Single Resolution Mechanism Regulation (SRM)

The SRM Regulation will establish a centralised EU body to coordinate resolution tools and actions within the Banking Union. This ensures that bank supervision and resolution are aligned and exercised at the same central level. The SRM will apply the rules set out in the Bank Recovery and Resolution Directive. This is an EU regulation and therefore will have direct effect.

Deposit Guarantee Schemes Directive (DGSD)

The Deposit Guarantee Scheme reimburses depositors of a failed bank up to an amount of €100,000 per depositor per bank. The recently agreed directive on Deposit Guarantee Schemes will ensure that rules for national deposit guarantee schemes are harmonised to a large degree, thereby ensuring that depositors throughout the EU are similarly protected in the event of a bank failure. The DGSD was published in the EU Official Journal on 12 June 2014 and is required to be transposed by 4 July 2015.

Regulation on structural measures improving the resilience of EU credit institutions:

This proposal will provide supervisors with the power to require the largest banks in the EU to separate potentially risky trading activities from their deposit taking business if these activities pose a threat to financial stability. It also proposes to completely ban these banks from engaging in certain types of trading activity. The overall objective is to further enhance the resilience of the EU banking system and ensure that the largest and most complex banking groups can be resolved in the event of a failure, thus reducing the severity of future financial crises.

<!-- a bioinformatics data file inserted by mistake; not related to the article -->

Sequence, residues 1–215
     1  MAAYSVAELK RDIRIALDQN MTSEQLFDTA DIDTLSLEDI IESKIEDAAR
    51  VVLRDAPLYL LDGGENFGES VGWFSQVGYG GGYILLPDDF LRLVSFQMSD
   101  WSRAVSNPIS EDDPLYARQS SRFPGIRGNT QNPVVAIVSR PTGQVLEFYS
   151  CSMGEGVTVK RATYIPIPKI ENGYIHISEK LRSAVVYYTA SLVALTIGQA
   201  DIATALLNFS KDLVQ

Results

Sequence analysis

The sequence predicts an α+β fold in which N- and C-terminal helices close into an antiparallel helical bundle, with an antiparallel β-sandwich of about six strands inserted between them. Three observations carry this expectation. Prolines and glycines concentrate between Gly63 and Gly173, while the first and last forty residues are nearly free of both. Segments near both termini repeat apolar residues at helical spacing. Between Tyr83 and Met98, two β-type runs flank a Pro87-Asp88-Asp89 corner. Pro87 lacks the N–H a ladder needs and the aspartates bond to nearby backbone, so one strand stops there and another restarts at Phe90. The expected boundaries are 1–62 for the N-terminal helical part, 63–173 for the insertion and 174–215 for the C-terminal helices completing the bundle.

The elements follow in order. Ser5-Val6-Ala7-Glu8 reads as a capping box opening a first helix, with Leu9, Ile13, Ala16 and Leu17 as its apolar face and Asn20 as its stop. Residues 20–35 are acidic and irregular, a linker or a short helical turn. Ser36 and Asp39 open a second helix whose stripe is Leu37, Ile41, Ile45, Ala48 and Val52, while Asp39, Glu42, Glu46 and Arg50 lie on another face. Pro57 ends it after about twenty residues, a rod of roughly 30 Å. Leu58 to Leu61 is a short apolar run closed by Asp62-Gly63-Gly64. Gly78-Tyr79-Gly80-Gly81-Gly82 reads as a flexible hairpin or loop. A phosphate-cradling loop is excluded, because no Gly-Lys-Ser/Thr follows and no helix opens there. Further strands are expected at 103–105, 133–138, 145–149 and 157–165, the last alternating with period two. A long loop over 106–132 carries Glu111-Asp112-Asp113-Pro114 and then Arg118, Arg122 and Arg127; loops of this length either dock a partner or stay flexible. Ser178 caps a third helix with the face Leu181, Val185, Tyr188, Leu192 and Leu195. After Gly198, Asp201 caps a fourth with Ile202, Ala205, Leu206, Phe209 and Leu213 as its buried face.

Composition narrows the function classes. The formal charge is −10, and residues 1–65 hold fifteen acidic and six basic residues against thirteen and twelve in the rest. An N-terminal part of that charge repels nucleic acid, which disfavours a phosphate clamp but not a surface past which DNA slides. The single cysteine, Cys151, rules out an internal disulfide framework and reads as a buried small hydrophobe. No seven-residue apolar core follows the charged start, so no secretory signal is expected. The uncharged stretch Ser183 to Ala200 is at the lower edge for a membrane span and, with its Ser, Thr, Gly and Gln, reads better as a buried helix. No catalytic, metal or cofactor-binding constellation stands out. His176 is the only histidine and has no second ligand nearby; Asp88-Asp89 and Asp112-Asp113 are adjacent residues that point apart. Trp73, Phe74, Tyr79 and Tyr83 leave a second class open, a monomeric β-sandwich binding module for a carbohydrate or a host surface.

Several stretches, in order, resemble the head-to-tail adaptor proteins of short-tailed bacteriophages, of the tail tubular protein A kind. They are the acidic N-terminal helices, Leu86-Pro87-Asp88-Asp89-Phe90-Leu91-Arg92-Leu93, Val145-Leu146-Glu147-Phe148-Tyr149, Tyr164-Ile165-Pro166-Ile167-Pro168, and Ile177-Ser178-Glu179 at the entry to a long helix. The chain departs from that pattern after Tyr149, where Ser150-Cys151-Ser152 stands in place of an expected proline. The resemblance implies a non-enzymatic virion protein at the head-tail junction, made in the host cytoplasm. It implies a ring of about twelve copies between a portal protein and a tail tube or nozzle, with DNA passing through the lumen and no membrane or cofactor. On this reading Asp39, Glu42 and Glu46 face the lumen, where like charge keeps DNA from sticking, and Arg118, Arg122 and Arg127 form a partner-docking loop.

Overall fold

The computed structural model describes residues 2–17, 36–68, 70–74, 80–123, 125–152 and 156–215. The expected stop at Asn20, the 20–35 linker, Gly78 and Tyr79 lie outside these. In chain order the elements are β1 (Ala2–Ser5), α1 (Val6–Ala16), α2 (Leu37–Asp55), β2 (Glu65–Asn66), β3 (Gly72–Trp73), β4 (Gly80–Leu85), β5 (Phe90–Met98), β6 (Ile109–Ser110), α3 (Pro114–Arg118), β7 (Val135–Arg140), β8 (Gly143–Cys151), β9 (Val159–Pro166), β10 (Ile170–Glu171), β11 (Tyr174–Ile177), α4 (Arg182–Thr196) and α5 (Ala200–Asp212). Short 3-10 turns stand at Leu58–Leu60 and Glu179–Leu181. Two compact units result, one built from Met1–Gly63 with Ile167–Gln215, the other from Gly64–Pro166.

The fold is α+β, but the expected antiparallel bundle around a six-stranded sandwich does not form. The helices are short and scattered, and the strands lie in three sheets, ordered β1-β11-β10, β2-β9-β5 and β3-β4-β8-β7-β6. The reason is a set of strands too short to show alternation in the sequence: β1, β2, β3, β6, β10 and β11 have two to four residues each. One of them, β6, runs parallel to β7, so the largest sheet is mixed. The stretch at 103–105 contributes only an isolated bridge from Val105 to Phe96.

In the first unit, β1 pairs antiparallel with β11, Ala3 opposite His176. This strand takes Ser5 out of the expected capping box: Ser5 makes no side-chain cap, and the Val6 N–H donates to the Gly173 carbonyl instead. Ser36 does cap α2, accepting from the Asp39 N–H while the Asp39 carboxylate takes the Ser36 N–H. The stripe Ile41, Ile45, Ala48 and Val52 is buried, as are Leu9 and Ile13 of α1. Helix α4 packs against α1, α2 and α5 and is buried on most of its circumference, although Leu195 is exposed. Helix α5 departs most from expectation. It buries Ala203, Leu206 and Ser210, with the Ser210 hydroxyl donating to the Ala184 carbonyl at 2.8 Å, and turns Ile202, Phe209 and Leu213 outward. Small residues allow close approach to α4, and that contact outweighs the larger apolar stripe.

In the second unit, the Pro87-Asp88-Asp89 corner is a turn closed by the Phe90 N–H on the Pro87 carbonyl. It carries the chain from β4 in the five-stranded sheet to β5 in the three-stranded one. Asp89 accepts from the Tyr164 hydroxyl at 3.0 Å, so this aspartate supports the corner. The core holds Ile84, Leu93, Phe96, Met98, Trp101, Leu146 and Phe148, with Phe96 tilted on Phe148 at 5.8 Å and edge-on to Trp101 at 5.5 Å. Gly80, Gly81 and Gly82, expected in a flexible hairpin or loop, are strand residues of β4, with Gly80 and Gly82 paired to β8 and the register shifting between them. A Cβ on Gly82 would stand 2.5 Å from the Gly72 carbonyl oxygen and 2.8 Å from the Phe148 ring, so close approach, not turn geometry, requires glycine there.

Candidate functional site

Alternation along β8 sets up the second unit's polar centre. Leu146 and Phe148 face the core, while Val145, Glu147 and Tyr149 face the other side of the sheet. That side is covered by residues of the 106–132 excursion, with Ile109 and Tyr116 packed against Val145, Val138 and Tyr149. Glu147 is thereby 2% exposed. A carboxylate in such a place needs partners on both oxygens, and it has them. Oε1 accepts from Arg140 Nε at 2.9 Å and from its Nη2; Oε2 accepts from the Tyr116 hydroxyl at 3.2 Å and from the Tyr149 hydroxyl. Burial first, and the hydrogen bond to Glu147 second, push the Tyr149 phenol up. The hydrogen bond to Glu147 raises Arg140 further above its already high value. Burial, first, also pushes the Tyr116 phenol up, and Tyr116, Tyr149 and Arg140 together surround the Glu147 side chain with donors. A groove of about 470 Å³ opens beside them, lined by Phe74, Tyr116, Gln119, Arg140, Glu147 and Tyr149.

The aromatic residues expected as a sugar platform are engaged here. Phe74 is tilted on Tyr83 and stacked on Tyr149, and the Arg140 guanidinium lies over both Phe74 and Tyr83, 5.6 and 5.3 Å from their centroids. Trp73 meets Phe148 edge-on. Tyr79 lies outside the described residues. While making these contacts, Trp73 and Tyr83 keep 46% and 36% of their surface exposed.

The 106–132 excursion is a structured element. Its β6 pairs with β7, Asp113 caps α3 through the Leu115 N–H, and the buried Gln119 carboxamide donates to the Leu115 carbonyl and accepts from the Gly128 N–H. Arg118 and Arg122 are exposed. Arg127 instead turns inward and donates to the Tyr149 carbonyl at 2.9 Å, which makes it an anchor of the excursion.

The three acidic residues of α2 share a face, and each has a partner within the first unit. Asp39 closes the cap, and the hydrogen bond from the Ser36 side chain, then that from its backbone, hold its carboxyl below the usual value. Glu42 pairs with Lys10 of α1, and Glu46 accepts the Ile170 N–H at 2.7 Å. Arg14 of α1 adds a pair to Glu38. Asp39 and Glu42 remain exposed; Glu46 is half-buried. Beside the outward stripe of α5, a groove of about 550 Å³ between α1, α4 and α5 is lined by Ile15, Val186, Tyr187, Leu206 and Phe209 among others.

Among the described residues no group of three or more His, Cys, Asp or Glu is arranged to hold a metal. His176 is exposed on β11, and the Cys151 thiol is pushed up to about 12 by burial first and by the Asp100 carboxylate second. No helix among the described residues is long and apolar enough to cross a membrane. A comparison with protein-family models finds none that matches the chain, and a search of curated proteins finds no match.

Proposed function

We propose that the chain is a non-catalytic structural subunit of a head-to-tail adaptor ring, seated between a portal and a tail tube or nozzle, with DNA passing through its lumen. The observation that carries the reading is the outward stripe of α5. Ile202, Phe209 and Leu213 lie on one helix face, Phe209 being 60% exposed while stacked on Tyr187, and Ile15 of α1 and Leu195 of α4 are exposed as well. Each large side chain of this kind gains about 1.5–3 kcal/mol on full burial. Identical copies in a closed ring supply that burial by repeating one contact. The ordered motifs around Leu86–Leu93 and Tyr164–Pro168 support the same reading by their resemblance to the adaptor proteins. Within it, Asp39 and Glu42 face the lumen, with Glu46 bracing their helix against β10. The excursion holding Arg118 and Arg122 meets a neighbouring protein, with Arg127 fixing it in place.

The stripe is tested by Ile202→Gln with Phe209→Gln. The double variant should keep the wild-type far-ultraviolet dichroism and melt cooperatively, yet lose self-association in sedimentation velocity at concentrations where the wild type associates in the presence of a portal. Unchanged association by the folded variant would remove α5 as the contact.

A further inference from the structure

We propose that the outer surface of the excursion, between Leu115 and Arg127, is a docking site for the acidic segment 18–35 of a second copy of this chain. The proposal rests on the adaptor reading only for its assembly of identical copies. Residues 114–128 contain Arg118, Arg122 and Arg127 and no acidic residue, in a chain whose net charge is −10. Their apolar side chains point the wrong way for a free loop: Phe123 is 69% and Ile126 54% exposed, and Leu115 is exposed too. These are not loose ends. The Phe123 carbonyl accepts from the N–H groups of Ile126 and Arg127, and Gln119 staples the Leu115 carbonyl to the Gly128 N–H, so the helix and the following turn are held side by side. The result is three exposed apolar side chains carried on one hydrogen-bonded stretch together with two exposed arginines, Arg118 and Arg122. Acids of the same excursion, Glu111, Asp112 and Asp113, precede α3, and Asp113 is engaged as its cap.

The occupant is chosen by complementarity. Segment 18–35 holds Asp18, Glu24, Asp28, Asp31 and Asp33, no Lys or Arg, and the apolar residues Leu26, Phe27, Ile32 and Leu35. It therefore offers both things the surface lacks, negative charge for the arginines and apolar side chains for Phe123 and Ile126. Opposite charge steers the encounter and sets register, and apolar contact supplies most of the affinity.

The Payment Services Legislative Package - Payment Services Directive 2 (PSD2) and Multilateral Interchange Fees (MIF)

The Payment Services Directive 2007 provided the legal foundation for the creation of an EU-wide single market for payments. It established a set of rules applicable to all payment services in the EU and made cross-border payments more efficient and secure. Its aim was to improve competition by opening the market to new entrants and to foster greater efficiency at reduced cost. On 24 July 2013, the Commission adopted a further legislative package which proposes a revised Payments Services Directive (PSD2) and a Regulation on Multilateral Interchange Fees (MIFs). The objective of the updated proposals is the creation of a payments environment which will nurture competition, innovation and security to the benefit of all stakeholders and consumers in particular.

A significant update contained in PSD2 will see more types of transactions subject to the legislative framework, including those made to third countries and to currencies other than the euro. The MIF Regulation will see a new set of business rules for payment card schemes and the introduction of caps for interchange fees charged on all card transactions. These fees are collectively agreed between payment service providers and the intention behind the proposed caps is to harmonise payment rules across the EU.

Useful links

Link to the European Commission banking site:

Link to the European Parliament site on banking union:

Link to the European Banking Authority’s Policy and Regulation website:;jsessionid=8EDDFFDABA5B2CCD45B5ACBEF5404EFC

Link to the Central Bank’s SSM page:

Link to Basel Committee on Banking Supervision site:

Link to European Central Bank’s banking supervision site:

Link to the Central Bank’s DGS site:

Link to the European Payments Services site

[1] The ECB will use the same supervisory rules (CRD IV and CRR) as national supervisors will apply to non-banking union Member States thus ensuring a level playing field between all EU Member States.

 [AM1]This should be the start of a new page / subsection, linked under ‘Financial Services Division 2 EU’ (Section above)